St. Paul proclaims this same article powerfully in this Epistle in total opposition to reason. Shortly before this text, he answered those who ask how the resurrection will happen, for our body is buried, stinks, decays, and rots, so that there is no more disgusting carcass on earth than the body of a human being when he is dead. Here reason raises questions and says: “How can a new body, which is to be more beautiful and more glorious than the sun, rise again out of such a wretched, stinking body that must decay and that maggots and worms devour?” Very well then, St. Paul says, if there will be no resurrection of our bodies, then Christ died in vain and rose from the dead in vain. But if Christ died and rose for our sake, then our bodies must also rise. There is no doubt about that. ...

Now this is what we always preach. Would to God that we could believe it as firmly and certainly as it is richly preached to us! Yet this text does not become false on account of our unbelief, nor does God who said it become a liar. God can have patience with our weakness. But it is appalling that we become tired, weary, and bored with hearing God’s Word. I have often said that one should hear God’s Word with all seriousness and diligence, because it pertains to us. The time may come that we would gladly listen to it, if only it could pertain to us. Whoever will not listen may go his way. He will realize it when he comes to regret it. It is not I who am preaching to you, but it is the Holy Spirit who speaks through St. Paul. He is the one who does not want to be despised by you. ...

When God speaks and gives His Word, He gives it abundantly. He pours out His treasure to overflowing, opens heaven wide, calls out and says: “Everyone to heaven, everyone to heaven!” That is the time for people to open their ears and listen. But if someone refuses to hear His Word, then He falls silent and takes His Word away entirely. For it will come to pass that if we have refused to listen to God when He speaks to us, then we may listen to the devil when God keeps silence. If we did not want to go to heaven while it was open, then God can shut heaven and open hell. Then we may see where we are left. ...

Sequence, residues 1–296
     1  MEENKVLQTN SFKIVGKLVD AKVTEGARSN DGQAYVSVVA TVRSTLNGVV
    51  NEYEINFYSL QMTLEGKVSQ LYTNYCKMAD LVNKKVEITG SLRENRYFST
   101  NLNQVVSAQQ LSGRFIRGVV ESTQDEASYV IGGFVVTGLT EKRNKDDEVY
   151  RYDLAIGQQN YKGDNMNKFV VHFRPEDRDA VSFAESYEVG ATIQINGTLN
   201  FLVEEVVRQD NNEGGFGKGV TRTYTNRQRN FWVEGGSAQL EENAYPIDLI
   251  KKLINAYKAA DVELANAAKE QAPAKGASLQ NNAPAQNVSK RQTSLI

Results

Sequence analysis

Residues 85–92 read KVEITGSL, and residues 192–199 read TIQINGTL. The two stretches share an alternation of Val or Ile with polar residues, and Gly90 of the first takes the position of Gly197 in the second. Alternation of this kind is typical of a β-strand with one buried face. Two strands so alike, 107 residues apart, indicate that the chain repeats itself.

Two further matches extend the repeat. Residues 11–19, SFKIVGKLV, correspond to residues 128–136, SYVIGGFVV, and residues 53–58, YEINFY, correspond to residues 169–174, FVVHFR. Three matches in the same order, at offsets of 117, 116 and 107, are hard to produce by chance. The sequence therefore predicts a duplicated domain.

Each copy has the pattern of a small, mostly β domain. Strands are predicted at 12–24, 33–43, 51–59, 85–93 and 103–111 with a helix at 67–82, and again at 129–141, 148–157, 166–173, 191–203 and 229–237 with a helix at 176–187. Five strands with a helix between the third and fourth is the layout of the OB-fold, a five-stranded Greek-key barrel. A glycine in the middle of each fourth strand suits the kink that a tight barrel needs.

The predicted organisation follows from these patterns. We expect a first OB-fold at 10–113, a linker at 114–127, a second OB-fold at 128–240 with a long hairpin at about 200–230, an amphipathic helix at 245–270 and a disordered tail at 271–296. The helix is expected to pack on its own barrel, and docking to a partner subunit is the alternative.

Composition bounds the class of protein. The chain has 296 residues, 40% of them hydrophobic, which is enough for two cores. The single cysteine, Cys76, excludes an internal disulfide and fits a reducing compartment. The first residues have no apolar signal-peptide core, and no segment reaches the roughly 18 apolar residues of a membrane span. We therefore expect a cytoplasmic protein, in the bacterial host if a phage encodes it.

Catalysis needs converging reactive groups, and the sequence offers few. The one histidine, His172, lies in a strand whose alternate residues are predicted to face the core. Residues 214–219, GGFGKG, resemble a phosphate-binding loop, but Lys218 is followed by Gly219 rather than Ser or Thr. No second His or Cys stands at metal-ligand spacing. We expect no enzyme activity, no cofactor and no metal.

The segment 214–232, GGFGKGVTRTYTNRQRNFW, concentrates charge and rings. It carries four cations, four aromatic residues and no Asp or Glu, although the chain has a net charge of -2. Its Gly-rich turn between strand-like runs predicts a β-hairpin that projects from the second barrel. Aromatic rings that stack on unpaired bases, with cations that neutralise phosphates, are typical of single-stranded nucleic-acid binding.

Up to now St. Paul has powerfully demonstrated the article of the resurrection: that poor, miserable, human flesh that dies, rots, and decays in the ground will again come forth from the earth and arise. Then he also showed with what kind of bodies the dead will come forth. Now he tells how things will happen on the Last Day in the resurrection of the dead, and he introduces here a special little piece, the like of which is not to be found anywhere else in Holy Scripture. “Behold,” he says, “I tell you a mystery.”

“Mystery” means something secret, which is put out of view, far removed from the senses and reason and hidden to the whole world, something concealed that cannot be attained by reason but only by faith. So he says now: “I want to tell you something secret and hidden, directly into one ear, not in such a way that no one except you alone should hear it or know anything about it—for since I am an apostle and teacher of the Gentiles and my word goes openly into all the world, everyone to whom my word comes should hear it—but in such a way that not all will believe it. I write it openly so that it will be preached openly, and so that the whole world might hear it, but it will not penetrate the hearts of all people.” Therefore, it is a mystery and remains a mystery. Everyone may hear it, but many will not heed it. To them it will remain hidden, even though they hear and know it. ...